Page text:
The nations on the list are assessed on the basis of per capita energy consumption, as well as their strategies to reduce it, the percentage of renewable energy in the energy mix, the pace of clean expansion and what policy makers are doing to implement the climate change agreement in Switzerland and abroad. According to the Germanwatch and NewClimate Institute Climate Change Performance Index, no country has yet met the paris agreement targets. Experts continue to give Sweden a high overall score, which includes an average rating for national climate policy efforts and a very high international rating. This last point reflects the country`s progressive role, both at EU level, where the country has strongly advocated a 60% emissions reduction target, and at the global level, particularly for its contribution to the Green Climate Fund. At the national level, experts acknowledge the overall strength of Sweden`s climate ambitions, which is reflected in its commitment to zero net emissions by 2045, as well as its policy enshrined in the country`s climate law. However, experts believe that considerable space and improvements are needed, reflecting, for example, the increase in emissions from household waste and the weak state incentives for energy efficiency, where, according to CCPI data, the country has significant deficits. Experts therefore call for an energy efficiency target explicitly stated instead of the energy intensity target currently being achieved. Overall, experts believe that Sweden is capable of achieving near-zero emissions by 2030 and therefore calls on it to do so and adapt its policies, particularly in the areas of renewable energy, energy efficiency and non-energy. As in previous years, the country has performed highly in terms of thG emissions, renewable energy and climate policy performance. However, it is still not able to improve its low performance in the energy consumption category. Sweden`s last coal-fired power plant has not been shut down this year, but the country has set a good example for the world, with a high carbon tax of around 115 euros per tonne, prompting the development of alternatives to coal, oil and gas.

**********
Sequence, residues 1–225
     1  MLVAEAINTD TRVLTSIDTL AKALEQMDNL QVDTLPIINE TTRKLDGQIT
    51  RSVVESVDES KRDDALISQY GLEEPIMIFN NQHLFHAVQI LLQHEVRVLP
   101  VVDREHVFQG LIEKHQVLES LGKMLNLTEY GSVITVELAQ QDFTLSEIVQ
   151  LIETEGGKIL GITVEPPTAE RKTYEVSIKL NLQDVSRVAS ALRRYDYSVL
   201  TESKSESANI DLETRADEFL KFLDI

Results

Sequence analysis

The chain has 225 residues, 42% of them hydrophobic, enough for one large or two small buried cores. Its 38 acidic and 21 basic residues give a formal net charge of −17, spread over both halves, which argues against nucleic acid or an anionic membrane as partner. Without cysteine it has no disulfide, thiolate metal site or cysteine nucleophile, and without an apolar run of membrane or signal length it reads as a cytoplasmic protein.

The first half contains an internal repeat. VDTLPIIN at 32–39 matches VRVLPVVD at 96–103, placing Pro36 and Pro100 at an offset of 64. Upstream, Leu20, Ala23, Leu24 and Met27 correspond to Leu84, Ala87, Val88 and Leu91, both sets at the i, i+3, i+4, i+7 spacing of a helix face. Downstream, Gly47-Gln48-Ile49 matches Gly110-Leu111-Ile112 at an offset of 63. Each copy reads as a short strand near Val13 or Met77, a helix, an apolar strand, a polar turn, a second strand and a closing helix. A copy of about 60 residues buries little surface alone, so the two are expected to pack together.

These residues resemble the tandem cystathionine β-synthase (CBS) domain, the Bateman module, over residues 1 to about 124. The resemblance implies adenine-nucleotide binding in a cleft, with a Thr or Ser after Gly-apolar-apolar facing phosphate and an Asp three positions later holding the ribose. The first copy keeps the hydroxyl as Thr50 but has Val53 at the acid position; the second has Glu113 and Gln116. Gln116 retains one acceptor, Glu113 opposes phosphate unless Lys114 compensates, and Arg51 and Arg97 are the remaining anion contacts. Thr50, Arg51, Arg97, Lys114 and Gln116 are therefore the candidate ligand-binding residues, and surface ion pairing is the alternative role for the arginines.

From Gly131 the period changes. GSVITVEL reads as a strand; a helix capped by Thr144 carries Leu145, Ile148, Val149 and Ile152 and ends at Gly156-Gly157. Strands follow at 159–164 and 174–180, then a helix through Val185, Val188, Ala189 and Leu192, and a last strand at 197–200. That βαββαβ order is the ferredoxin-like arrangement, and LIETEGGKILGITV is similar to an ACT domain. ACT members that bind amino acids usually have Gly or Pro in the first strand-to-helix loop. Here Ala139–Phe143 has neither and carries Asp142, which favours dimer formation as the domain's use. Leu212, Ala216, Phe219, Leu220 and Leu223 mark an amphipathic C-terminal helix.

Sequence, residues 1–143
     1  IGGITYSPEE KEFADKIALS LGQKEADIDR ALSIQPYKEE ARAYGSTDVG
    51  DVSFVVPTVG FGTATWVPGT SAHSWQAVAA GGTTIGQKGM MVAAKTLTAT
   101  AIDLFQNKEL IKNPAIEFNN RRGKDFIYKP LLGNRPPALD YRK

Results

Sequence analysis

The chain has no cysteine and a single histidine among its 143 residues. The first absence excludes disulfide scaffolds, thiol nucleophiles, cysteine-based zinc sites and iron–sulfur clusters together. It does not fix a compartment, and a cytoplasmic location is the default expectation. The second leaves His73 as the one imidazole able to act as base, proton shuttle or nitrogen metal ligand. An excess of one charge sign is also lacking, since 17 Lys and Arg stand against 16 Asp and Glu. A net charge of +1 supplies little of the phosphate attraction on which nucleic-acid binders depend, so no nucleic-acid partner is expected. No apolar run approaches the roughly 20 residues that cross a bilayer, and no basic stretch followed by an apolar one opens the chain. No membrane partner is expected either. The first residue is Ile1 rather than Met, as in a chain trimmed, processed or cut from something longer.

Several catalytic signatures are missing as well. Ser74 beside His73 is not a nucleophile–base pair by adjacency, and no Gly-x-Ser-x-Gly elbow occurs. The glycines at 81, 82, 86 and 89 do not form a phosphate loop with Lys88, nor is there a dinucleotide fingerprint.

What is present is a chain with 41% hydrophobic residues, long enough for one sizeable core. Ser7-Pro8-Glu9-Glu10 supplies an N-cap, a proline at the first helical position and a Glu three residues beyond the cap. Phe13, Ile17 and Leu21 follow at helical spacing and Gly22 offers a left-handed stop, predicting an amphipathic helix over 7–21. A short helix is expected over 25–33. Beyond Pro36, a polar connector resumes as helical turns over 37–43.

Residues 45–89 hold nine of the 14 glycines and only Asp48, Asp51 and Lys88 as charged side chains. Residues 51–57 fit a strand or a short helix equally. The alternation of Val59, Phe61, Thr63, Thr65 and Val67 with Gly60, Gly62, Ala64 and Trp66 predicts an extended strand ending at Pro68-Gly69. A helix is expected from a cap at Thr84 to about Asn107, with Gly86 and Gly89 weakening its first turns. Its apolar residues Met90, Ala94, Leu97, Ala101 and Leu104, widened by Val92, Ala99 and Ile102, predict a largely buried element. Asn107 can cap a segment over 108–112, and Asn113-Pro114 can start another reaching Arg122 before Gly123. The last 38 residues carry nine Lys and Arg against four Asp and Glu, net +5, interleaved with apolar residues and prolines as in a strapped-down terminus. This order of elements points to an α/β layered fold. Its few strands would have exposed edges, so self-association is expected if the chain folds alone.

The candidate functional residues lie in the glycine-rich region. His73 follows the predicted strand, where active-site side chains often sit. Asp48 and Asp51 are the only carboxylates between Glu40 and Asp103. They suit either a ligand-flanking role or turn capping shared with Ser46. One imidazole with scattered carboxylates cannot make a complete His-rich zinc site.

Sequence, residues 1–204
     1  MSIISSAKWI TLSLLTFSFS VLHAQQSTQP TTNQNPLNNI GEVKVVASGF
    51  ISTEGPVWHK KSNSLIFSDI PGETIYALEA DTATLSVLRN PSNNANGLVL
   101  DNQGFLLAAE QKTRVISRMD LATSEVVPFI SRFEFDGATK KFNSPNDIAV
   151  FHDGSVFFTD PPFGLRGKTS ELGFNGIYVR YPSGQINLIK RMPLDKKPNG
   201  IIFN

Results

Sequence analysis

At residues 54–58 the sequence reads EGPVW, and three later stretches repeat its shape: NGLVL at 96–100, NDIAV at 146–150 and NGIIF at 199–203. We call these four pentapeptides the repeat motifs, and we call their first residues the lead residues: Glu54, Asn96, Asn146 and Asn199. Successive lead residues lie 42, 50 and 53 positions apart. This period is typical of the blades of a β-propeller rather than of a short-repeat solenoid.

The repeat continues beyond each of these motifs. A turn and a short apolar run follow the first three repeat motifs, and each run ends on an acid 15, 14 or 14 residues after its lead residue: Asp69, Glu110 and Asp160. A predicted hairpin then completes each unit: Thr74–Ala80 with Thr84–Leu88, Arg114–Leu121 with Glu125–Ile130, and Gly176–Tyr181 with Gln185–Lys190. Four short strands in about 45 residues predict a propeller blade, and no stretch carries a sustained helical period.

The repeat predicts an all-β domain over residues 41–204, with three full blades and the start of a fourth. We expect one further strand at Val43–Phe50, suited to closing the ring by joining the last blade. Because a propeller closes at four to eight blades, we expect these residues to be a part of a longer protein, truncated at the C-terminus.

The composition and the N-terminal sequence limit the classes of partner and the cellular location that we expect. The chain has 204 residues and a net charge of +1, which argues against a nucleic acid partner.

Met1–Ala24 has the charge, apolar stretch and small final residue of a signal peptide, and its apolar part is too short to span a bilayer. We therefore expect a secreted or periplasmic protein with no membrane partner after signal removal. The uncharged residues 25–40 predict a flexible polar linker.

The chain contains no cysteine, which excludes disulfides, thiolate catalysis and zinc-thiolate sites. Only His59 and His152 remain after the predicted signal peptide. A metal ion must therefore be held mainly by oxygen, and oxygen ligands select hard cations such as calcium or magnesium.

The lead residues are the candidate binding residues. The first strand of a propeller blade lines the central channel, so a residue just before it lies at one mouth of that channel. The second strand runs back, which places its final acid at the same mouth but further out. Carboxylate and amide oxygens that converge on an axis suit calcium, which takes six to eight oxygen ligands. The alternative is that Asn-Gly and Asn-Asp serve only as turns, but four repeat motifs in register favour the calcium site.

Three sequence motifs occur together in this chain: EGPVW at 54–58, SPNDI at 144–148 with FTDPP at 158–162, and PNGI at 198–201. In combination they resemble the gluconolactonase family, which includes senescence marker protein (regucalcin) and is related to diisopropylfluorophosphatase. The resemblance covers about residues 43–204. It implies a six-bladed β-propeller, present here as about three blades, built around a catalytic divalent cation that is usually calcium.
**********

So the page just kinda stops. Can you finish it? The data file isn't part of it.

Only very high energy consumption per capita prevented an even better investment. In the area of climate policy, no country has received a very high rating for this category, although Portugal, Finland, Sweden and Norway have achieved a very high score for their international performance in climate policy.